Victim notification data will be sent from a court's CM/ECF replication servers to the Department of Justice's Victim Notification System.
The Wisconsin Law Review has recently announced its 2008 Symposium: The Continuing Evolution of Securities Class Actions. It will be held on Friday, October 17, 2008 at the Edgewater Hotel in Madison, Wisconsin. The symposium is co-sponsored by the Institute for Law and Economic Policy.
For more information, please contact the symposium editors.
Go to the Twitter search page and run your search. On the results page, you'll see a RSS Feed for this Query button.
The licensed child care search website contains information and regulatory history on nearly 6,000 child care centers licensed by the Department of Children and Families. Individuals can search for licensed child care by county, city, zip code or facility name. Once a child care center is located, individuals can review the center's licensing history for the past two years, including compliance history and enforcement actions.
Source: The Wheeler Report
The Fastcase database contains state and federal caselaw, statutes, administrative codes, and court rules. See this list of documents included in the State Bar of Wisconsin Fastcase subscription. Per the rep I spoke with on the phone, the subscription does not include the public records service available from Fastcase.
Check out the video demo for an overview of the Fastcase system.
Fastcase is the service behind the free Public Library of Law.
Fastcase has been much in the news lately. See this recent article on Forbes.com and this interview with Fastcase CEO, Ed Walters and president Phillip Rosenthal about the business of legal research and competing against the big vendors.
If you're a regular WisBlawg reader you know that I often sing the praises of Badgerlink. Badgerlink is a collection of databases containing over 11,000 periodical titles and over 700 newspapers (including the Wall Street Journal, New York Times and many Wisconsin newspapers), children's and adult literature, business, medical, and education sources, and many other specialized resources not available through regular Internet search engines.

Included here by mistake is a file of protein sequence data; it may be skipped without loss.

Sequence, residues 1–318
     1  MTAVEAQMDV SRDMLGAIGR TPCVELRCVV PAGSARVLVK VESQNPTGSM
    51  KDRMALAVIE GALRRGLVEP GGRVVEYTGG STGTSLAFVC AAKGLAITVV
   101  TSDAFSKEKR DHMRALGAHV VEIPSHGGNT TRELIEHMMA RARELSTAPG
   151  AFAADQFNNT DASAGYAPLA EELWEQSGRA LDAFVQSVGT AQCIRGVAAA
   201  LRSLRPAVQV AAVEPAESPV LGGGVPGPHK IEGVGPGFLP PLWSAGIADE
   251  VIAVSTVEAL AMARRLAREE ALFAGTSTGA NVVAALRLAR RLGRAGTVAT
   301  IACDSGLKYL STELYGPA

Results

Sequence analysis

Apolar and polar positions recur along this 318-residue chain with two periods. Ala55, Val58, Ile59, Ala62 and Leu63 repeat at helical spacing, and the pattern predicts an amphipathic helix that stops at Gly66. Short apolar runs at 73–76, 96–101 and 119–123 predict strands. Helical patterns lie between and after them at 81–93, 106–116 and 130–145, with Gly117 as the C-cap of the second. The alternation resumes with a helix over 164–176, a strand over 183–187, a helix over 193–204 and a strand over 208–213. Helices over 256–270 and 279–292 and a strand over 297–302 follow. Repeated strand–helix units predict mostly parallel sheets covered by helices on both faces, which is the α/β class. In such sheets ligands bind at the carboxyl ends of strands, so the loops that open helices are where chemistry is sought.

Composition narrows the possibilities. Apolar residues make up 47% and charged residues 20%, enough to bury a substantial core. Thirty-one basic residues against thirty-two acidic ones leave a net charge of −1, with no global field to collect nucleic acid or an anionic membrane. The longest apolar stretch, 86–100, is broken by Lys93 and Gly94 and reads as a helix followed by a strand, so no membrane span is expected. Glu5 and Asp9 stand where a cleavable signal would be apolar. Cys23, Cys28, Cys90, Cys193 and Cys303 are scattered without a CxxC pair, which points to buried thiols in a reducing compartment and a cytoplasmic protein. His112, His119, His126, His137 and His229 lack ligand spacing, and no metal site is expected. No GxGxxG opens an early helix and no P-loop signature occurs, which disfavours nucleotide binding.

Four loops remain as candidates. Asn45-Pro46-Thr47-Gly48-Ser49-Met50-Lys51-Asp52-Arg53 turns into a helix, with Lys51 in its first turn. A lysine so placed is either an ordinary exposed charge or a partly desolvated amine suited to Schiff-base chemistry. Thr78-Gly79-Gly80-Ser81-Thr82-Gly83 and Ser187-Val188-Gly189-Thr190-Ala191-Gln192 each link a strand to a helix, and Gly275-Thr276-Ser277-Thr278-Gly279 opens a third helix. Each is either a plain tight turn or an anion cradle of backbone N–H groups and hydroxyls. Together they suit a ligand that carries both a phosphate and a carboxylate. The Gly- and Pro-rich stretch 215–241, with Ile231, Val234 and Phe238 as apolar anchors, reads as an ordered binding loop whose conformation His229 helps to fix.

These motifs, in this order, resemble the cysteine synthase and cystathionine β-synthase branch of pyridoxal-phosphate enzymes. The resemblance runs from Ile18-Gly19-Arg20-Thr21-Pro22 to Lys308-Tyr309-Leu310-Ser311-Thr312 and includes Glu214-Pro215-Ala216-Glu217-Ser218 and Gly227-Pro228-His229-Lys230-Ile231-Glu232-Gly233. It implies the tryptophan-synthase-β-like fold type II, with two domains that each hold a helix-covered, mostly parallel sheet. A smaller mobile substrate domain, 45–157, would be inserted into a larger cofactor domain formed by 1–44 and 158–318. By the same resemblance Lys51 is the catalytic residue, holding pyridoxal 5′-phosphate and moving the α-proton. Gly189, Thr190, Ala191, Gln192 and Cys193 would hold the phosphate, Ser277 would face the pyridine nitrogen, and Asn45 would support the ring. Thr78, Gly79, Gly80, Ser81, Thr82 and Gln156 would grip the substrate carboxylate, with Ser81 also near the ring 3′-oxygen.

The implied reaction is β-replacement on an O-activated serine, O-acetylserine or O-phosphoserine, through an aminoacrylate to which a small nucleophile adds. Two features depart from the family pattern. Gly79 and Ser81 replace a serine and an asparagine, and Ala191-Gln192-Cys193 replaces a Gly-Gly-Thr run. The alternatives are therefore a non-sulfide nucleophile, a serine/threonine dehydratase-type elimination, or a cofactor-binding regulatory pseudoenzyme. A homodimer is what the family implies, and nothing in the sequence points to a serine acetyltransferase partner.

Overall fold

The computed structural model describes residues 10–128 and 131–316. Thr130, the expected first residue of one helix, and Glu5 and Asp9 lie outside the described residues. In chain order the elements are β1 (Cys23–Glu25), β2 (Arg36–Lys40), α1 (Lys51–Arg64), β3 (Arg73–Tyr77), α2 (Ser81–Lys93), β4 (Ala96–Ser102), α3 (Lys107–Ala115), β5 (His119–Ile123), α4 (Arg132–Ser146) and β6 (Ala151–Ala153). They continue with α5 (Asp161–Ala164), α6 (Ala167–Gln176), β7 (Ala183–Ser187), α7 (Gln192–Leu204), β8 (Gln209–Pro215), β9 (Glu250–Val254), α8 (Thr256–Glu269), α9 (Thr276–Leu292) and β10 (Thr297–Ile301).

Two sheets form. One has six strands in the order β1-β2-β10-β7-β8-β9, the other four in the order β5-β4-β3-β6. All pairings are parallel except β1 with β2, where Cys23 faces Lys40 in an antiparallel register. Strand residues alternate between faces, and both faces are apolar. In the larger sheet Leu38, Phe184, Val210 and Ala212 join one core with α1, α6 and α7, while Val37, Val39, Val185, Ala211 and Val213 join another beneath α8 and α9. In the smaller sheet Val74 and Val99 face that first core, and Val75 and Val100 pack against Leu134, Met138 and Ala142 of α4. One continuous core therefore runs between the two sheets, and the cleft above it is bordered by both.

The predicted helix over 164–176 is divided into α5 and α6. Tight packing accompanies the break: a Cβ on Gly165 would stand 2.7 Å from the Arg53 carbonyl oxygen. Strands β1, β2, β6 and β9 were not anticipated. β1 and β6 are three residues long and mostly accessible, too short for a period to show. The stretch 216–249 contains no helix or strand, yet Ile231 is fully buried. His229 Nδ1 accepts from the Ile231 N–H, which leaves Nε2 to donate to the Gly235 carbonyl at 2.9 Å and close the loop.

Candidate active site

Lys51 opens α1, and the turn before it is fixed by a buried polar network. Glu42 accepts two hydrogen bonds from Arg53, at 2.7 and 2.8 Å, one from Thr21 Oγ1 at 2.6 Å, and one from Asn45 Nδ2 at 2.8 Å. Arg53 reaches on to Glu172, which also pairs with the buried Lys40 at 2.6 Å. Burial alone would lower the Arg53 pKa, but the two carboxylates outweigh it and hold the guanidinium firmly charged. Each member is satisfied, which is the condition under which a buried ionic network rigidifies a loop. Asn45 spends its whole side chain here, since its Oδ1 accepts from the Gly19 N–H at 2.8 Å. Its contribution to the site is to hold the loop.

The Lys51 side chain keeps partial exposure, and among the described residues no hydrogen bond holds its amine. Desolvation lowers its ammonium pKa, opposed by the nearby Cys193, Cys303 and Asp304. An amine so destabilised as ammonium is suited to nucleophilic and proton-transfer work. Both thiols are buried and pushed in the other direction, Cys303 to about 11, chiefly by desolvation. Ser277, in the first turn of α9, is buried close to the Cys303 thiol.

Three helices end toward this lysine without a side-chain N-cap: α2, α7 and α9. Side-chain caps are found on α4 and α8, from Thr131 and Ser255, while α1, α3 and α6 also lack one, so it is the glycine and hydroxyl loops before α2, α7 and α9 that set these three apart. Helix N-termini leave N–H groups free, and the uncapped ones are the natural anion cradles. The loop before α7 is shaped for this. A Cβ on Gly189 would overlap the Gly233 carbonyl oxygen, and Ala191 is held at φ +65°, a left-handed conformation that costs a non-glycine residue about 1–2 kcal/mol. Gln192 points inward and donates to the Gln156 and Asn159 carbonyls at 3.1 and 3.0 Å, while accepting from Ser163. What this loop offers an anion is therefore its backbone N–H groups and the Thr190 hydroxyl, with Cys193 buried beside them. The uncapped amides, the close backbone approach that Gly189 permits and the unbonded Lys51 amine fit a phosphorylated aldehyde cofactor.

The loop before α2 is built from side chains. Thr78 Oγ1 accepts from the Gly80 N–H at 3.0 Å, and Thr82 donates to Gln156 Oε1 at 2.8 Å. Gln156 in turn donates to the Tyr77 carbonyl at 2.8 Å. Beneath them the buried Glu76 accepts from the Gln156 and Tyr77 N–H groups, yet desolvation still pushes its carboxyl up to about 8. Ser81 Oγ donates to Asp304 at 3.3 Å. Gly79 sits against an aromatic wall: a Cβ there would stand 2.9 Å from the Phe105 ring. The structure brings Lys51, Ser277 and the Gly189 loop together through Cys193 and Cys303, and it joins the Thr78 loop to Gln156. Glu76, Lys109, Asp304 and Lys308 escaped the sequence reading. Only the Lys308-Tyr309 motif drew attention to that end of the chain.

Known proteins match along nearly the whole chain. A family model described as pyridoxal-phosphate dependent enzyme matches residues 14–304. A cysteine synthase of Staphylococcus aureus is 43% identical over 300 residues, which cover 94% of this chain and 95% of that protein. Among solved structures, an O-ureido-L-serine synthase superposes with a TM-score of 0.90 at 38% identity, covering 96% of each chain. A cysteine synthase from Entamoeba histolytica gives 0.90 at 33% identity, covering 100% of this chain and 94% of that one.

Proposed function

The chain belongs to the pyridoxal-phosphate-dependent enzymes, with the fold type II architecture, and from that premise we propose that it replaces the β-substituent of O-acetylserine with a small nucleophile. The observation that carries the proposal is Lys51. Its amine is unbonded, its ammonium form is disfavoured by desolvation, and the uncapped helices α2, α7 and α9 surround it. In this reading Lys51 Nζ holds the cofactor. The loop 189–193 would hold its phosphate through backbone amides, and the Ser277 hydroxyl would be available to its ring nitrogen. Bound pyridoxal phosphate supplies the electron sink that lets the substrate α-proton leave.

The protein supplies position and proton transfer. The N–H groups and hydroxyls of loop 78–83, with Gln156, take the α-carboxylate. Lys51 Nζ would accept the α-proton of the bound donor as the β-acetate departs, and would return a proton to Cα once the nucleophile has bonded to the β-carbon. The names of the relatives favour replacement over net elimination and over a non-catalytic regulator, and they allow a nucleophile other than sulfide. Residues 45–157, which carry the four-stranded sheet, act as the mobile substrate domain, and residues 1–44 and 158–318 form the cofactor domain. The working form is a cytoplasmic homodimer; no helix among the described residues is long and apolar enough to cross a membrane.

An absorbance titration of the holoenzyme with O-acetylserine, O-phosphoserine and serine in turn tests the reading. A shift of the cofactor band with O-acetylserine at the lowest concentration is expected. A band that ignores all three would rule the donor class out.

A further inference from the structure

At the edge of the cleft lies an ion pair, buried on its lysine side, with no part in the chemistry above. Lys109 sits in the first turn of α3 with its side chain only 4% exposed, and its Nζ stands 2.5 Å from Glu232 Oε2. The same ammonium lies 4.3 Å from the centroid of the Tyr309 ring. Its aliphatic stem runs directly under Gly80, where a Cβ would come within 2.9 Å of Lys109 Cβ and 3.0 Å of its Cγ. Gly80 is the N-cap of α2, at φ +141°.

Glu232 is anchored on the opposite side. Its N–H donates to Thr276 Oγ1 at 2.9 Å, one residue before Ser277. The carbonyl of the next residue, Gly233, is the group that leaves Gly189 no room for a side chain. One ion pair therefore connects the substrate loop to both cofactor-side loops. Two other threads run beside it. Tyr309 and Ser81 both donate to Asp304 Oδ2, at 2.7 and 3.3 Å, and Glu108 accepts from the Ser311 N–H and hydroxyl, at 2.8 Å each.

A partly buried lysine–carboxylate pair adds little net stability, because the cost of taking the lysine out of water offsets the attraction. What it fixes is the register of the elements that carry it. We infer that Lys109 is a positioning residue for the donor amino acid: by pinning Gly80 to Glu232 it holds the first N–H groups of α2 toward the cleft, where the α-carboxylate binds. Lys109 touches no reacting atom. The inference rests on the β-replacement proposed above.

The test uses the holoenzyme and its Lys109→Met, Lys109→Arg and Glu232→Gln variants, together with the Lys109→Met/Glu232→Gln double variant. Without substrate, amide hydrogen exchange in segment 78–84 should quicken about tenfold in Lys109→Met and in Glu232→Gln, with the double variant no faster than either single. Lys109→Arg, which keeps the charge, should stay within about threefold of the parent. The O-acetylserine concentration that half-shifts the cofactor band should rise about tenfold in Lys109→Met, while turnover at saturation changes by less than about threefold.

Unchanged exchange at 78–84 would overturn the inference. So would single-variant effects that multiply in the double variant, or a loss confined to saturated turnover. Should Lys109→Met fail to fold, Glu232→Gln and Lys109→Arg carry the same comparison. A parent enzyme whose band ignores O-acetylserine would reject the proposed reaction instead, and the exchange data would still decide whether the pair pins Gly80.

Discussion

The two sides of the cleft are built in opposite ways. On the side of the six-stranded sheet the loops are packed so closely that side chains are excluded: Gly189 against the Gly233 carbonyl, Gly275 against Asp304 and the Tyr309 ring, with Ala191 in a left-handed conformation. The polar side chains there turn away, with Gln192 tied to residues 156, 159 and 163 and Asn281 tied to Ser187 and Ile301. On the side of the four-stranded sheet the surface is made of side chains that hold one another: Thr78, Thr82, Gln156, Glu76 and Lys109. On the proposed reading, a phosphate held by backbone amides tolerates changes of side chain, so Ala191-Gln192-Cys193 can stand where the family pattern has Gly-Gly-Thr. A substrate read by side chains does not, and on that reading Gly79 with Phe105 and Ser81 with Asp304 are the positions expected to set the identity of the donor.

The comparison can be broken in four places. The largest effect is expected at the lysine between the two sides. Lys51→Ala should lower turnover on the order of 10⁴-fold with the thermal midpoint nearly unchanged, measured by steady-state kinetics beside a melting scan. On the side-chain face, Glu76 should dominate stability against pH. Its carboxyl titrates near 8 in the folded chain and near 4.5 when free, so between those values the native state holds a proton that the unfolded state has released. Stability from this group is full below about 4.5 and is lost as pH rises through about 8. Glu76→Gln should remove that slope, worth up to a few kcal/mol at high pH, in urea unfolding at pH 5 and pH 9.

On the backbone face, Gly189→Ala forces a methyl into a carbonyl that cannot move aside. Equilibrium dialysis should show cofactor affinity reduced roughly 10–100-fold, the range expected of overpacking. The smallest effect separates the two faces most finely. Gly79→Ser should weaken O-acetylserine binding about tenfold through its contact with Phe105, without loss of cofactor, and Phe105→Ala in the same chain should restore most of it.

And the really cool thing is that Badgerlink is free to all state residents via Wisconsin's libraries through funding from the DPI. If your Web access is provided by a registered Internet Service Provider, you should automatically have access to Badgerlink from your home or office. Users whose ISP is not registered may be able to access one or both of the database resources using a WI library card as a log-in ID.
Yeah, I've said all this before - so why am I talking about Badgerlink again? Because now you can do a combined search ("federated" search in library lingo) of all the Badgerlink databases at once. Very nice!!
Source: WSLL @ Your Service
WSLL @ Your Service, the newsletter of the Wisconsin State Law Library, reports that "LexisOne recently doubled the number of years' worth of free case law on its website - from five years to ten. Users can search by keyword or citation, or browse by year. As before, U.S. Supreme Court cases are available for free back to 1781."
Tracking what people say on blogs can be important to legal professionals for a number of reasons:
Fortunately, there are some tools you can use to track this information.
Google Blogs is a search engine for blog content. Using the subscribe options on the left of the search results page, you can set up an email alert or RSS feed so that you'll be notified if your search terms appear in any new blog posts.
That works well for people who have their own blogs, but what about those who leave comments to other people's blogs? That is a bit trickier - or at least it used to be.
I just learned about a new comment search engine called BackType.
With BackType, you have two search options:
The ABA Journal reports some interesting findings from the latest annual Legal Technology Survey Report. In general, the survey indicates that lawyers are slow to adopt cutting-edge technology.
For all the hype--at conferences, on the Internet, and in this publication and others--about how Web 2.0 technologies are changing the way lawyers practice, the bulk of the profession is only now on the verge of beginning to use those tools in their daily professional lives...
If the history of technology in the legal profession is any guide, most lawyers will eventually understand the utility of today's latest technology as well as any of today's college students do. And they'll come to that understanding about the same time as those college students make partner.
The survey... shows that websites and e-mail newsletters are still the digital way that most attorneys stay current with the news. A small minority reports reading blogs; but actually creating a blog is something the geeky lawyer down the hall--or, more likely, across town--is into.